For an outdoor speaker, it’s suitably rated at IP67 for keeping out dust and water, and at 637g it’s reassuringly weighty in the hand without adding a load of unwanted heft to your bag.

Urbanista Brisbane (£99)

What’s the story?

Urbanista has been putting in the work to be seen as a decent affordable audio brand with minimalist Scandi design. The Brisbane is the largest of its wireless speakers and comes wrapped in a choice of black or white fabric, with a smattering of controls on the top. Fair enough if you like thingsstripped-back, but dare we say the Brisbane looks a touch drab with its rectangular form... and while portable it’s also pretty weighty – enough to never go missing in the bottom of your bag anyway.

While it’s not the most rugged speaker we’ve bashed about, it does have an IPX5 waterproof rating for added peace of mind, and also has a line-in port for hard-wiring your device – which could be great for stretching out the 10hr battery life.At under £100 it’s playing with the big boys here, but just think how many months of premium music streaming that extra cash could pay for.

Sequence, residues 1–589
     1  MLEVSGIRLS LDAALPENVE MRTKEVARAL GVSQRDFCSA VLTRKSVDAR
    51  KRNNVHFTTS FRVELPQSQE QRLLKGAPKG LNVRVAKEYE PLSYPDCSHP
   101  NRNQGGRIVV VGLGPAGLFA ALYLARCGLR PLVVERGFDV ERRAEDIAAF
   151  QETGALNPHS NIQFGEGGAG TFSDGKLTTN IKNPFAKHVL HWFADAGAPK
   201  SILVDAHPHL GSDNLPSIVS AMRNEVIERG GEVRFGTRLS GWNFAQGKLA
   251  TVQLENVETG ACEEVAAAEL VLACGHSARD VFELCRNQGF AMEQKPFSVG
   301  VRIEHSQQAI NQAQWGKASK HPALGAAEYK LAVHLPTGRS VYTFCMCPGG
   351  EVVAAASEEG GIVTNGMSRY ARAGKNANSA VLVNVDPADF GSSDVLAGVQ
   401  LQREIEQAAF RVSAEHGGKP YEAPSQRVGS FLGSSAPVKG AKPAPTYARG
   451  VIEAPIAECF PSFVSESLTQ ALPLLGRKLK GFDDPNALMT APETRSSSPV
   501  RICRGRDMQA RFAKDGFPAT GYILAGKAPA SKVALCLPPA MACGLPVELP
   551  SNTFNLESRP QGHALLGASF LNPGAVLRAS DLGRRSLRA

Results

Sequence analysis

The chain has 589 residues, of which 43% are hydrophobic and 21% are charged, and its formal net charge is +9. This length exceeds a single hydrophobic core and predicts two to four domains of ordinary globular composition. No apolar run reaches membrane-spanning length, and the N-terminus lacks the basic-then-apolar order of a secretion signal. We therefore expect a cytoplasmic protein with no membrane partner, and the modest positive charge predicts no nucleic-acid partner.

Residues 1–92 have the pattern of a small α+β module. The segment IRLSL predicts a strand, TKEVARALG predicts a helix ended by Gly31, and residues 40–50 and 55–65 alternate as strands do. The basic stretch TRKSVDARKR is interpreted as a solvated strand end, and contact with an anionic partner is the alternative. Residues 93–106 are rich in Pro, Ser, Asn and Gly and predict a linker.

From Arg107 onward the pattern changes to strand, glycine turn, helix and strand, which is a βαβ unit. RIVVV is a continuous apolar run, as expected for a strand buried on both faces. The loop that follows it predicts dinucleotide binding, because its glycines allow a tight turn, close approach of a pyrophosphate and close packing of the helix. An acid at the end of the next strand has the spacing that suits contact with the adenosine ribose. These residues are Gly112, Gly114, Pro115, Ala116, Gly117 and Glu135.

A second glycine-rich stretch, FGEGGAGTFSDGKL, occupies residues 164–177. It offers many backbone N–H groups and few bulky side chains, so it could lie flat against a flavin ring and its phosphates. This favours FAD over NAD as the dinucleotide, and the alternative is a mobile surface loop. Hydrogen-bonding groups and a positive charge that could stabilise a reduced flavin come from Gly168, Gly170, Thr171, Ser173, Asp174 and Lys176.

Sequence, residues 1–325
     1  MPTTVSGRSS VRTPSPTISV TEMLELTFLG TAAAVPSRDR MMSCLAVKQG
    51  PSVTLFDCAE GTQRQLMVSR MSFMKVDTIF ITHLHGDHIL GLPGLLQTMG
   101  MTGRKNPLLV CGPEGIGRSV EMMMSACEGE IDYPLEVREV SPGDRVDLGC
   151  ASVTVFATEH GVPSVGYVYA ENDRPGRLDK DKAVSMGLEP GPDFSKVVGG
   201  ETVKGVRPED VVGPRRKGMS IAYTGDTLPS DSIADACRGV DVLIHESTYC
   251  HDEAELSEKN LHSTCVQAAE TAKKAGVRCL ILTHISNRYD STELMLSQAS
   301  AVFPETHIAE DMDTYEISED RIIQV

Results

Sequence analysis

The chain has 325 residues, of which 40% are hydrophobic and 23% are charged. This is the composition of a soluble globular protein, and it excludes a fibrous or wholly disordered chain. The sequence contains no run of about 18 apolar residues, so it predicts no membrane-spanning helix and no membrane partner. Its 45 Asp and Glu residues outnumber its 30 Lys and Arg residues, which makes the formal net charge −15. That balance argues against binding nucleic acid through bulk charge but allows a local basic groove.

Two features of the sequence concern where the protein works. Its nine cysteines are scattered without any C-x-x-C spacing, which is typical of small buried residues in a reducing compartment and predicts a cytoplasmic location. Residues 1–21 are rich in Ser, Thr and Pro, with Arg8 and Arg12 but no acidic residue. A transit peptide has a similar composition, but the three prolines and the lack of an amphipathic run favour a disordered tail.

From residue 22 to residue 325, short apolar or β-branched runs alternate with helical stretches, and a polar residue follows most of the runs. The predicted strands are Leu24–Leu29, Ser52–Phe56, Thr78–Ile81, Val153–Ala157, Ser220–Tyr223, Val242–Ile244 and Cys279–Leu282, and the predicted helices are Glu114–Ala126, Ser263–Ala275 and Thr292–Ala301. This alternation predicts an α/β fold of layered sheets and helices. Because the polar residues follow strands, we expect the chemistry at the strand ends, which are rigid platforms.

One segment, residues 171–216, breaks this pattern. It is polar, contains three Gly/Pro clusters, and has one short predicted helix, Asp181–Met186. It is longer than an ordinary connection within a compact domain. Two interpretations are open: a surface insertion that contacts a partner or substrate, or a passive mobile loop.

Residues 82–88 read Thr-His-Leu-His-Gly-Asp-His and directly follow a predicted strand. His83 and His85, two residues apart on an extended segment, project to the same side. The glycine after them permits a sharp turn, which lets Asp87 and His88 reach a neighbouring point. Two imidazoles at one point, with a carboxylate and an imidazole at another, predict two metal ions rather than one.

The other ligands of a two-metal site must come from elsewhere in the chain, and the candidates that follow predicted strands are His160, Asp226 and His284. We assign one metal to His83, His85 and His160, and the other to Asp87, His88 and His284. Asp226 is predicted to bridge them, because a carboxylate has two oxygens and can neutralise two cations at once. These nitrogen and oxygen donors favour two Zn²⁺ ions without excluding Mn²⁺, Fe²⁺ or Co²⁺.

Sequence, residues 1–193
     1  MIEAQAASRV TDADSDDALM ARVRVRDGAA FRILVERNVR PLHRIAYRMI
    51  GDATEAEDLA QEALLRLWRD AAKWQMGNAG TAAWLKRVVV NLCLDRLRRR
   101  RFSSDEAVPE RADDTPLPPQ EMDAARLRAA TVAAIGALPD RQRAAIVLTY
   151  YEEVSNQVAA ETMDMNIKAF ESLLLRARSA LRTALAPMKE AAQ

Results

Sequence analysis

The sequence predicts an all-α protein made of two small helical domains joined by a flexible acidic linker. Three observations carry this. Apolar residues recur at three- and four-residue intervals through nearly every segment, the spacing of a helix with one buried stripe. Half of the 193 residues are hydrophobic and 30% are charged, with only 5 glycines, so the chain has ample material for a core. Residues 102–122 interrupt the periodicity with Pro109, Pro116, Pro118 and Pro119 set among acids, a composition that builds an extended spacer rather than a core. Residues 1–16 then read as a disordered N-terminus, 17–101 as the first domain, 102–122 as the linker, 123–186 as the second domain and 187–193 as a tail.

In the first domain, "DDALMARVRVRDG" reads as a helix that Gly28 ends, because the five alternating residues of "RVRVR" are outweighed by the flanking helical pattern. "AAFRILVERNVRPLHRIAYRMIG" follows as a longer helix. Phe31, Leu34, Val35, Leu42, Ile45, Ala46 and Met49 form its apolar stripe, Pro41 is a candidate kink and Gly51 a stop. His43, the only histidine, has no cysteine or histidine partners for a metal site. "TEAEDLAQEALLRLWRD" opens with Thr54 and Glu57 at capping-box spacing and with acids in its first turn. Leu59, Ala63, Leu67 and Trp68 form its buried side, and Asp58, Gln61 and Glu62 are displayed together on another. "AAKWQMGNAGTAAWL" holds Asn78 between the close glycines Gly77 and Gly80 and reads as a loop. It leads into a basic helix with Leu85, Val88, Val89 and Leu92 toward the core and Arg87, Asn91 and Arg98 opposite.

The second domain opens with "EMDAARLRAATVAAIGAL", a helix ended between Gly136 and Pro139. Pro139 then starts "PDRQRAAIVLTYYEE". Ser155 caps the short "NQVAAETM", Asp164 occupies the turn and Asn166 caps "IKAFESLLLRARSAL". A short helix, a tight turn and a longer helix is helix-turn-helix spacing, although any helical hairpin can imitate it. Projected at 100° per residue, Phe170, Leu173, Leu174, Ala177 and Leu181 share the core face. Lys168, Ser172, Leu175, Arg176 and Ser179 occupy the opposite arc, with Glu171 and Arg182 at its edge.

Sonos Roam (£159)

What’s the story?

The Roam is Sonos’s first proper portable speaker you can sling a satchel. Sensible proportions, Bluetooth connectivity and a reduced reliance on the Sonos app make it perfect for partying anywhere, but with Wi-Fi too it’ll still play nicely with any existing Sonos kit.

A Toblerone-like mini boomer that’s designed to stand eitherhorizontally or vertically, it isn’t exactly shouty in the design department, so look elsewhere if you’re after an injection of colour; but the robust Roam does have a lovely metal, plastic and rubberised finish capable of taking a bit of a battering. What sets it apart from the competition is clever stuff like Auto Trueplay, meaning it’ll tune its soundstage to suit the environment whether you’re inside or out; and Sound Swap, which switches audio to the nearest Sonos speaker in the vicinity. Press play/pause and the Roam pings sound around accordingly – especially useful if you’re listening to music indoors but then wish to express your right to Roam in the garden.